I don't pretend to know everything there is to know about Quantum Mechanics. I'm happy for you to share your expertise with me.
 
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marlon, I found classical mechanics to be counter-intuitive

I think the comparison is intended in a more limited sense than to equate QM counter-intuitiveness to classical counter-intuitiveness.

For instance, during an optics lecture, my high school physics teacher had said before (or perhaps I read it in a Relativity book) that light always travels at the same speed. This turned out to be wrong: light can slow down in mediums other than a vacuum (a medium? anyways...) Not only that, but it bends in water, thus providing an optical illusion as to the actual position of a long object like a stick. I saw this for myself during the lab, where the class measured the position of thumb tacks in water or something, viewed from the side. Animals that live above water, such as cranes, have to deal with this visual distortion without knowing the classical physics behind it.

(At least, I hope optics counts as classical physics, photon/light waves and all.)

Another weird classical phenomenon is the Doppler effect on sound that I hear everytime the train goes by. A moving object emmitting sound waves bunches them up in the forward direction and elongates the waves in the rearward direction. This experience is counter-intuitive to most children (not me, though; heh) and again, perhaps to animals as well.

Perhaps this is what Martin Brock meant. His example of the rotating bar was a little hard to follow, and I had to read it carefully several times. It's not a perfect classical analogy to the quantum phenomenon of Schroedinger's cat, as has been noted, but I would prefer not to take sides in the debate going on here. I just try to read all the posts with much interest and eagerness.

o| Hiram
 

JesseM

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I'm using it in the sense of describing the "pedestrian" view of it. I personally do not find it weird, because as I've said many times, one is trying to force a square peg into a round hole. There's nothing here that says that the "weirdness" isn't due to our insistance that our classical idea of physical quantities such as position and momentum and energy should have the same well-defined concepts at the quantum scale.

Besides, even if it IS weird, it doesn't necessarily be a bad thing. As scientists, we LOOK for weird stuff, because it means that there's new physics in it that we don't understand yet. That is the whole reason why we are employed.

Zz.
I would say that QM is more fundamentally weird, than, say, curved spacetime in general relativity (which is certainly not very intuitive or easy to picture), because unless you add some additional assumptions as in the various "interpretations" of QM, it does not give you any objective description of the universe as a self-contained system; this is a problem in formulating quantum cosmology, for example. You can only get the probabilities for how a given system behaves by plugging in the choice of variables to measure, and when the measurement is made, by hand--if you try to describe the measuring-system itself using the rules of QM in order to predict when and what it measures, then to get any definite probabilities you need some second measuring system whose measurements must be put in by hand, and so on. You can't describe the dynamics of the entire universe, measuring systems and all, using some fundamental mathematical rules and initial boundary conditions, as you can in other theories of physics.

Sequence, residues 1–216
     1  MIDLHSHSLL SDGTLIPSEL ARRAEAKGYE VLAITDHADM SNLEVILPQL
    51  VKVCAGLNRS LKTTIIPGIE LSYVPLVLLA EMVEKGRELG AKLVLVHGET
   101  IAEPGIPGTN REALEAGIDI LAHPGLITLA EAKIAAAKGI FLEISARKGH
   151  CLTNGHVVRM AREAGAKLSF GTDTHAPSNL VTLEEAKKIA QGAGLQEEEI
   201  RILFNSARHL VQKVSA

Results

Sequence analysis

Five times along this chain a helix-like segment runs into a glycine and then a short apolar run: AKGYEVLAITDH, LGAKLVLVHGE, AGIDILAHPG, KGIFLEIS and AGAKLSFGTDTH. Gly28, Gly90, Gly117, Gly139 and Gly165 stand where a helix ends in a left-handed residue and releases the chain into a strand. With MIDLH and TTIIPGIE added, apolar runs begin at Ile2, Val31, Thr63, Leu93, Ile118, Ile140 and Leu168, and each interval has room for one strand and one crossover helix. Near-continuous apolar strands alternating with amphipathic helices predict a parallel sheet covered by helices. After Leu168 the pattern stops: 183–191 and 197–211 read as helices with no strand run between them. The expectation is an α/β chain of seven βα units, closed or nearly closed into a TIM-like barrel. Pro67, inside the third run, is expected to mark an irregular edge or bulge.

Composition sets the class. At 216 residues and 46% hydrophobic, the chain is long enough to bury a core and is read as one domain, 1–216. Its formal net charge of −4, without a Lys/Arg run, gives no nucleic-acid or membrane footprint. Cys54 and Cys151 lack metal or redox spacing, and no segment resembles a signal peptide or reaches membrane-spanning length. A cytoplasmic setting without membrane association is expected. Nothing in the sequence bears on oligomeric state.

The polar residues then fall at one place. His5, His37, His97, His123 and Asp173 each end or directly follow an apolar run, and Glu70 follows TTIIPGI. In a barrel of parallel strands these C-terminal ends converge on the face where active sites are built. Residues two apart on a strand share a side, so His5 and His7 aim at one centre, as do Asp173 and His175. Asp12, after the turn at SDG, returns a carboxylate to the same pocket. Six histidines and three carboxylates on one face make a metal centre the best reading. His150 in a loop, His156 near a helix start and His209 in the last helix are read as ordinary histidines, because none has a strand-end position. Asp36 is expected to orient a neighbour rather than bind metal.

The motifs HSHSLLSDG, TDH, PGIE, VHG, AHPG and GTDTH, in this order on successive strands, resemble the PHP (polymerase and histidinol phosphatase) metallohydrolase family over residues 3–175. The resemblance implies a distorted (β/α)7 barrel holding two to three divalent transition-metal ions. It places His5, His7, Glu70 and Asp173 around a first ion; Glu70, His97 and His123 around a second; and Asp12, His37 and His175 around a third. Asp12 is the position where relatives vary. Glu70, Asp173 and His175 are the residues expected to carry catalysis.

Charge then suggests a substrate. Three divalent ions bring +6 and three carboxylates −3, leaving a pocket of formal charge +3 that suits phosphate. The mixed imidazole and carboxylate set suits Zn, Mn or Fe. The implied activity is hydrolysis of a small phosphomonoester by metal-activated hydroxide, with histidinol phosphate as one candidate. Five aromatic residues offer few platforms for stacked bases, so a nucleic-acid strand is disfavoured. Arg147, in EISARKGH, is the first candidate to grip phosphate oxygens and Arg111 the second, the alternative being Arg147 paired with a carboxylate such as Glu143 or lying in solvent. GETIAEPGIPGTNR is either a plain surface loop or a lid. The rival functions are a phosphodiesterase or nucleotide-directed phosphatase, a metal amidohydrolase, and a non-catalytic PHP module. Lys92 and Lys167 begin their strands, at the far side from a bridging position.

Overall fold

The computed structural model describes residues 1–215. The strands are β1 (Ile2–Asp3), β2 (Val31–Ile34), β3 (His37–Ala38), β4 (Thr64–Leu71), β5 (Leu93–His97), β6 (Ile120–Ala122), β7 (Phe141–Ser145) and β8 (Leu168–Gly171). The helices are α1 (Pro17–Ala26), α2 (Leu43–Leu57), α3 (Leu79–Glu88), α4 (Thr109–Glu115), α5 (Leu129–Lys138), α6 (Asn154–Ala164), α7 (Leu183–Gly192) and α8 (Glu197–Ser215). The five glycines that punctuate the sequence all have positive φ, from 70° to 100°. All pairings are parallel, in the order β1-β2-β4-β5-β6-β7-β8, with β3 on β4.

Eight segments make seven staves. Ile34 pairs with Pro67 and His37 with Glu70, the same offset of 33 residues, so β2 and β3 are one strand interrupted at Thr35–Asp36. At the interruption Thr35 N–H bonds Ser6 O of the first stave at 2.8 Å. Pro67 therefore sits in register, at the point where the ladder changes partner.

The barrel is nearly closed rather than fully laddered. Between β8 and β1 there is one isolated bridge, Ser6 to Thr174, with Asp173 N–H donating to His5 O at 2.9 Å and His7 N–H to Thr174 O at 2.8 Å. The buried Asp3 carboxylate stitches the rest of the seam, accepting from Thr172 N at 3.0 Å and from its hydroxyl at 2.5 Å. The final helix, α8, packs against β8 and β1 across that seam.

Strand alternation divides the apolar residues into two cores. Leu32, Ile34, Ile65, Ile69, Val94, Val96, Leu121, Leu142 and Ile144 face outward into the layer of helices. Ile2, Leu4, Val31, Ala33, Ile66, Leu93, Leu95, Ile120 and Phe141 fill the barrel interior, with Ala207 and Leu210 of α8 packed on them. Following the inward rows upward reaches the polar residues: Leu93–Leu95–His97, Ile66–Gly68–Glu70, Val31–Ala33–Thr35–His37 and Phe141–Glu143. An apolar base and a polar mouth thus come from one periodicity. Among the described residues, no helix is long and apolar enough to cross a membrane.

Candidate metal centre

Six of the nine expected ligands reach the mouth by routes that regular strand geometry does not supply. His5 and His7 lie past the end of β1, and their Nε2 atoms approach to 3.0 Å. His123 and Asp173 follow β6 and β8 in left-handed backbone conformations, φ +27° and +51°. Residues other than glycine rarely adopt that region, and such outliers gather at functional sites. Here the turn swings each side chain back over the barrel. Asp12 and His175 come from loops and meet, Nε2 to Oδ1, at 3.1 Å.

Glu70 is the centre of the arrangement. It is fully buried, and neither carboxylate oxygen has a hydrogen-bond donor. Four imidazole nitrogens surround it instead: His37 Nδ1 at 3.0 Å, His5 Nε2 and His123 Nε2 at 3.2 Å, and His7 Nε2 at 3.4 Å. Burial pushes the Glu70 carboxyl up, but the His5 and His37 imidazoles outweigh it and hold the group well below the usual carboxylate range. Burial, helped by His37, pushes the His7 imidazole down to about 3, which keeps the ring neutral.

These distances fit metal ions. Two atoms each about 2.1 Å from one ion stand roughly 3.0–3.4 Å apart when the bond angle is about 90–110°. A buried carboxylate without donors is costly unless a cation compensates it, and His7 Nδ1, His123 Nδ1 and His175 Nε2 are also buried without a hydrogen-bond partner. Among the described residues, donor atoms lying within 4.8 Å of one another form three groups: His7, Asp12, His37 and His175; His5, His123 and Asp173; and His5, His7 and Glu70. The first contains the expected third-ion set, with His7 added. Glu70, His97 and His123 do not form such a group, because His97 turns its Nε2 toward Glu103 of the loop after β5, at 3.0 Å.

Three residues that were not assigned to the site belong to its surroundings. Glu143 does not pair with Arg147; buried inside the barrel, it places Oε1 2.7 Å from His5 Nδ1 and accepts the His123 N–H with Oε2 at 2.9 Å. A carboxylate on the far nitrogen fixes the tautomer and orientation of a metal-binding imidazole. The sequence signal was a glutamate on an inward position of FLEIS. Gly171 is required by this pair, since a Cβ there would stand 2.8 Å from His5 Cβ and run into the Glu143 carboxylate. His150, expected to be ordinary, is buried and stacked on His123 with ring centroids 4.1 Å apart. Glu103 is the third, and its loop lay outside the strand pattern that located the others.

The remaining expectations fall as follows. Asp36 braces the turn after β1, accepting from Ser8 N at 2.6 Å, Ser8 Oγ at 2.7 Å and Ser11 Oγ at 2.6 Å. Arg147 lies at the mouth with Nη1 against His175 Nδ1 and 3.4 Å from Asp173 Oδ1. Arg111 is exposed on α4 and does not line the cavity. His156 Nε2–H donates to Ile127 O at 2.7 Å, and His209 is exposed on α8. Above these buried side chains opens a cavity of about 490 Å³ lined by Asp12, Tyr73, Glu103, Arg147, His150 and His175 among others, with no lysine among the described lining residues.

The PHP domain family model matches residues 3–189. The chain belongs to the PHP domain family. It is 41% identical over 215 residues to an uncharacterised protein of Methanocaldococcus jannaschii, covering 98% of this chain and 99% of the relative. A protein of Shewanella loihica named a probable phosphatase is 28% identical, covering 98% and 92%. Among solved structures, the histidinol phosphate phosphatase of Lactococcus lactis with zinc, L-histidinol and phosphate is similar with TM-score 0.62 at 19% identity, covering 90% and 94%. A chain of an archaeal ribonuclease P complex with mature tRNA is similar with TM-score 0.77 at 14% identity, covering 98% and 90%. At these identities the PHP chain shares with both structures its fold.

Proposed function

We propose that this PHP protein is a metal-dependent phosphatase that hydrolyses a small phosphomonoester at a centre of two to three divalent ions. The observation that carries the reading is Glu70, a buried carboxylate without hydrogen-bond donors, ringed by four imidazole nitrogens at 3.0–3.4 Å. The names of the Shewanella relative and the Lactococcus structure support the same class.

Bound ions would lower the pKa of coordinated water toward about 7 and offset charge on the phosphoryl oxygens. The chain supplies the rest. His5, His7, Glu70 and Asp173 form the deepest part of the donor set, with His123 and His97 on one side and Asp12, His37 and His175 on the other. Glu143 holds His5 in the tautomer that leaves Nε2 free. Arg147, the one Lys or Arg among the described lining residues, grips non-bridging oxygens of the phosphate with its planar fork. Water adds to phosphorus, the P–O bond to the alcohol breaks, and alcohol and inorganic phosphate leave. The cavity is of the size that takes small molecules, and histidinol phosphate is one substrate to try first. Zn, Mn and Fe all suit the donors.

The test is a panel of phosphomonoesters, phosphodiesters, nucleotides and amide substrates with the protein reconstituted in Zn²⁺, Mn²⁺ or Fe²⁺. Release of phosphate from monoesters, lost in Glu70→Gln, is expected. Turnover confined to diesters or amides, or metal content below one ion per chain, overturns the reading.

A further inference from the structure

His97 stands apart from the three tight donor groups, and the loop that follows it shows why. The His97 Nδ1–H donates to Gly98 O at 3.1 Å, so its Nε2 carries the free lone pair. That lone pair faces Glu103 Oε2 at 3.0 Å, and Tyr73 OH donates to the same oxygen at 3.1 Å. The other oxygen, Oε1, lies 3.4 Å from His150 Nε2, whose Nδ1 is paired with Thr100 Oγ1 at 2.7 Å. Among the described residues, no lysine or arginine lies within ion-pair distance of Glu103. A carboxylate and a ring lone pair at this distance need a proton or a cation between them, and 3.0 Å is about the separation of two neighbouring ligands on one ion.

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Then what did you mean by saying "Classical physics can be too for that matter" ?

marlon
I meant that classical physics can be confusing too until one understands it. I nowhere state that classical physics is counterintuitive "in the same way" that Quantum Mechanics is counterintuitive. The quoted words are yours, not mine.

Centuries ago, that the Earth circles the Sun was counterintuitive to most people. That the Earth is a sphere was also counterintuitive.
 
Perhaps this is what Martin Brock meant. His example of the rotating bar was a little hard to follow, and I had to read it carefully several times. It's not a perfect classical analogy to the quantum phenomenon of Schroedinger's cat, as has been noted, but I would prefer not to take sides in the debate going on here. I just try to read all the posts with much interest and eagerness.

o| Hiram
It's a system with two stable states that when excited returns to one of the two states, though we can't easily know which one. It absorbs or emits a quantum of energy during its transition from one state to the other. We can expect to find the system in one of the two stable states, because other states always decay into one of these states, but we know which state to expect only in terms of probabilities.

If you understand why the system fits this description, you understand most of the point of the analogy. [If you can suggest improvements in the presentation, please do.] Though we don't know the state of the system after excitation without observing it, the act of observing the system does not drive it into a stable state. Observation doesn't cause the system to enter a discrete state. Observation reveals a discrete state. Our ignorance of a particular state collapses.

Schrodinger's cat dies when a Quantum Mechanical system changes state thus emitting a quantum of energy (a photon). This photon kills the cat by triggering the release of poison. No one needs to observe the Quantum Mechanical system for this state change and photon release to occur. I don't believe the Copenhagen Interpretation implies that anyone must observe the system for the state change to occur.